Olivia Williams (The Sixth Sense, The Postman) is just pretty enough and reserved enough to be a credible crush for Fischer and Blume, but with the sweet good sense to shoot her suitors down when necessary. Of the rest, I must single out Mason Gamble (Arlington Road, Gattaca, Dennis the Menace) as a young actor with fine potential, based on his performance as Max Fischer's wiser-than-his-years friend and confidant.
The anamorphic video is quite good, as one might expect from a new director-supervised transfer of a modern film, even if it's not quite reference quality material. The colors are well saturated, blacks are solid, shadow detail is good, and there is very little dirt and defects. The slight negatives include an image that is not quite as crisp and clear as I would like, and a smattering of video noise.
The audio mix complements the story, with clean dialogue and a rocking British Invasion-heavy score. As you might expect from the nature of the beast, Rushmore has a forward soundstage, though it is full and rich through the sound spectrum. Rear surrounds and the subwoofer will see limited, supporting use for much of the film, but during the performance of "Heaven and Hell" you may just get blown out of your seats when all six channels get a vigorous workout.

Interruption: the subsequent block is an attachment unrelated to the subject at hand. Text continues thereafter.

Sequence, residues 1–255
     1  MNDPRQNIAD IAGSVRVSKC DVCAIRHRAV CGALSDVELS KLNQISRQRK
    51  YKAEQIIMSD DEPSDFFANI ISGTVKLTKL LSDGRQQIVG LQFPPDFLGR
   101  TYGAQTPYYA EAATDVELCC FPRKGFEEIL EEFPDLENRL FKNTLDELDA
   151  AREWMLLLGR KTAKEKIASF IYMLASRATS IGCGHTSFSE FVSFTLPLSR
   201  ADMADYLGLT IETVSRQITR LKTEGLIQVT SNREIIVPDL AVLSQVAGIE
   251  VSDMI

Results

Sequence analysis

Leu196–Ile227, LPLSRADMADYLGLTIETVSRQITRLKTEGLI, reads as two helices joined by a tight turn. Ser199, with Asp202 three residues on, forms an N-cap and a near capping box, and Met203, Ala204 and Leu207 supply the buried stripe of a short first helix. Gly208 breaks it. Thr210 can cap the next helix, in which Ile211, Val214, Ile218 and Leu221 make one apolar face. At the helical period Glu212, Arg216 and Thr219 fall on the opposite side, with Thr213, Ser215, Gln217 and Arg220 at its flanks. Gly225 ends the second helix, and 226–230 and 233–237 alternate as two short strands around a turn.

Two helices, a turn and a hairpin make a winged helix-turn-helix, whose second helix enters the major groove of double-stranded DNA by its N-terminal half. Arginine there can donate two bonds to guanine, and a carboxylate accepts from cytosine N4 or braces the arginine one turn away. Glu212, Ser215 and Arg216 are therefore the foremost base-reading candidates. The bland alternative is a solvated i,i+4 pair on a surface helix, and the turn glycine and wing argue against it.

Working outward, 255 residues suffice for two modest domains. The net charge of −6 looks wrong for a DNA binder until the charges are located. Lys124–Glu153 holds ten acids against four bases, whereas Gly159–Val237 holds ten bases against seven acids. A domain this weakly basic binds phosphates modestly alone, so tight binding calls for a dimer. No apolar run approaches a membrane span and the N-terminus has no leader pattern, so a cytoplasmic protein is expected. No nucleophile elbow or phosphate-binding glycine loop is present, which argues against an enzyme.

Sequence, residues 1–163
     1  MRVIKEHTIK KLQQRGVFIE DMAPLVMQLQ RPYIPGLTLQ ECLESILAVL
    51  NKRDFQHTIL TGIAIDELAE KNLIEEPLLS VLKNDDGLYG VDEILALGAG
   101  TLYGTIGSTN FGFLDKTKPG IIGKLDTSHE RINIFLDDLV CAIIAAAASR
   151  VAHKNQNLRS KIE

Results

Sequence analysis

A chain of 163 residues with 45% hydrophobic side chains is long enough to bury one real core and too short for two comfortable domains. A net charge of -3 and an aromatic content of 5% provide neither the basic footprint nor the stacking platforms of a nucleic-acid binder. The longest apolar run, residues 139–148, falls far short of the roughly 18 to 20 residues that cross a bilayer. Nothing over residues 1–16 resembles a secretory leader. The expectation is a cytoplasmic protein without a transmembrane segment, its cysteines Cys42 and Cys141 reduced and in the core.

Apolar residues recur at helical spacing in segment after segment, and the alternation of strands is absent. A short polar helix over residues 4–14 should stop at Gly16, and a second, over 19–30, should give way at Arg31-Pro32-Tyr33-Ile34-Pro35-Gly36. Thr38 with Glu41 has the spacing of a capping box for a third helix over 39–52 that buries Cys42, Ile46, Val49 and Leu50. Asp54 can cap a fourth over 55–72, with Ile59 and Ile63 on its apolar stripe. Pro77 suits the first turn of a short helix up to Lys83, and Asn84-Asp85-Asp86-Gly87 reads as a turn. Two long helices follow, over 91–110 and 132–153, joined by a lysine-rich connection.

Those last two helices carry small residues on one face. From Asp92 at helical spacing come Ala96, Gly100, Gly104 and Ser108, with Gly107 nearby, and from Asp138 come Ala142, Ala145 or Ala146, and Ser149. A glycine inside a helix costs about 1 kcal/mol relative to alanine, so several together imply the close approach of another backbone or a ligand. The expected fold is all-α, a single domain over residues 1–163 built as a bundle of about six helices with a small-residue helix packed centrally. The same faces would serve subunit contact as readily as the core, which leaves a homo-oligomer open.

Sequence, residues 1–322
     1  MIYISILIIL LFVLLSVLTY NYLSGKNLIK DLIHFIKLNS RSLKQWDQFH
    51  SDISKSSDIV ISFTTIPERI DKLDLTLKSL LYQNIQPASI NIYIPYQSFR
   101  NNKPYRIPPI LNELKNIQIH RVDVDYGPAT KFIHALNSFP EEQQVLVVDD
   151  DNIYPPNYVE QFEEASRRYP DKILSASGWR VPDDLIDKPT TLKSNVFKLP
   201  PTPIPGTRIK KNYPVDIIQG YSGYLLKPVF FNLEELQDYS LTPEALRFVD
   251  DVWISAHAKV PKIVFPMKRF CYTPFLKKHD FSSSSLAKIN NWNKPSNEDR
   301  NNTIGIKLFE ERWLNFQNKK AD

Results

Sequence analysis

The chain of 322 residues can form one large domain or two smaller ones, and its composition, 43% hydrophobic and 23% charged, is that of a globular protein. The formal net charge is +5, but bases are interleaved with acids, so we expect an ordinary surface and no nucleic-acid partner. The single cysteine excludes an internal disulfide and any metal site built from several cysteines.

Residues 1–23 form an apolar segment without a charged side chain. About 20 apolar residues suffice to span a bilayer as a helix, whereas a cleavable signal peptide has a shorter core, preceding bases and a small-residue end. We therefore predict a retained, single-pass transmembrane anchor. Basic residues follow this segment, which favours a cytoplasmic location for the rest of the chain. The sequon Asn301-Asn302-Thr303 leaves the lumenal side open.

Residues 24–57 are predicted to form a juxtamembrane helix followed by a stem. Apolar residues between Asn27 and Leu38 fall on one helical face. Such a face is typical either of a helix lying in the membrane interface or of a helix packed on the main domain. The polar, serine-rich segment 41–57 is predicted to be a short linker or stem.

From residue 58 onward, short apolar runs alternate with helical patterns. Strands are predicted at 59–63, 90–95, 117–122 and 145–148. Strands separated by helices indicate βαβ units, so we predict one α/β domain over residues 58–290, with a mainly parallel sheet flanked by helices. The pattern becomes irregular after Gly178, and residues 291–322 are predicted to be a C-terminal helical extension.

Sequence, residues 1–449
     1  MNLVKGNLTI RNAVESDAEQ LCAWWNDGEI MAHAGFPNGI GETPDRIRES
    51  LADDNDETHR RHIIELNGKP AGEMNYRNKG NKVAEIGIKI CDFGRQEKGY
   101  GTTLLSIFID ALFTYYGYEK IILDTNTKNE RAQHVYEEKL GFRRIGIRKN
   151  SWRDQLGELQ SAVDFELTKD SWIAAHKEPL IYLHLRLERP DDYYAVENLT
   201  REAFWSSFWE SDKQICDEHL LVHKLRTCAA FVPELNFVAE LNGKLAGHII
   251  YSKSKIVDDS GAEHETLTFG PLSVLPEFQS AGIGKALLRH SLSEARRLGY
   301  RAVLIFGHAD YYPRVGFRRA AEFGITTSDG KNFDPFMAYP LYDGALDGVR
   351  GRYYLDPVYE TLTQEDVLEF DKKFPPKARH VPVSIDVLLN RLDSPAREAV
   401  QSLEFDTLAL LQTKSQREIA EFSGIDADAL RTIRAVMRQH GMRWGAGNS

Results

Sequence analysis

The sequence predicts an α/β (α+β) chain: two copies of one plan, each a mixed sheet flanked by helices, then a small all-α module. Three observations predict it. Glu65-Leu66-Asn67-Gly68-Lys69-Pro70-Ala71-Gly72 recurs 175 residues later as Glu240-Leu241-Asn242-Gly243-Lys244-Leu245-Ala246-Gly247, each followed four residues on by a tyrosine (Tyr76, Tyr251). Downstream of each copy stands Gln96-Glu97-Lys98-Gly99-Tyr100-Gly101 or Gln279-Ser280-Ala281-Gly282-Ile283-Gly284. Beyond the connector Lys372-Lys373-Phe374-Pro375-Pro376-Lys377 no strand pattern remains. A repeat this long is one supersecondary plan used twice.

I must say that the hand-drawn box artwork was a pleasant surprise for a disc from the usually more reserved folks at Criterion. It's even more interesting considering that everything is hand-drawn, right down to the tiny company logos and DVD icons on the back. Even before you pop the disc in, the art hints at the warm, quirky movie lurking inside. The commentary track is the usual Criterion high-quality production, as much from director/co-writer Wes Anderson as from rookie actor Jason Schwartzman. The commentary makes it very apparent how personal a project Rushmore was, like Bottle Rocket, his freshman effort, with characters, situations, and friends liberally strewn amongst the cast and script.
"The Making of Rushmore" is a nearly hour long documentary filmed on-set by Wes Anderson's older brother Eric Chase Anderson (who shows up in the film as the Rushmore aquarium architect), who also created the DVD box artwork. Its glimpses into the genesis and production of Rushmore may help an understanding of the film and certainly reinforce the impression of a personal, collaborative production. The "Max Fischer Players Presents" adaptations of Armageddon, Out of Sight, and The Truman Show are quick, amusing comedy shorts and the commercial-free "Charlie Rose Show" with Wes Anderson and Bill Murray is a bit of a repeat of the ground covered by the documentary and commentary track.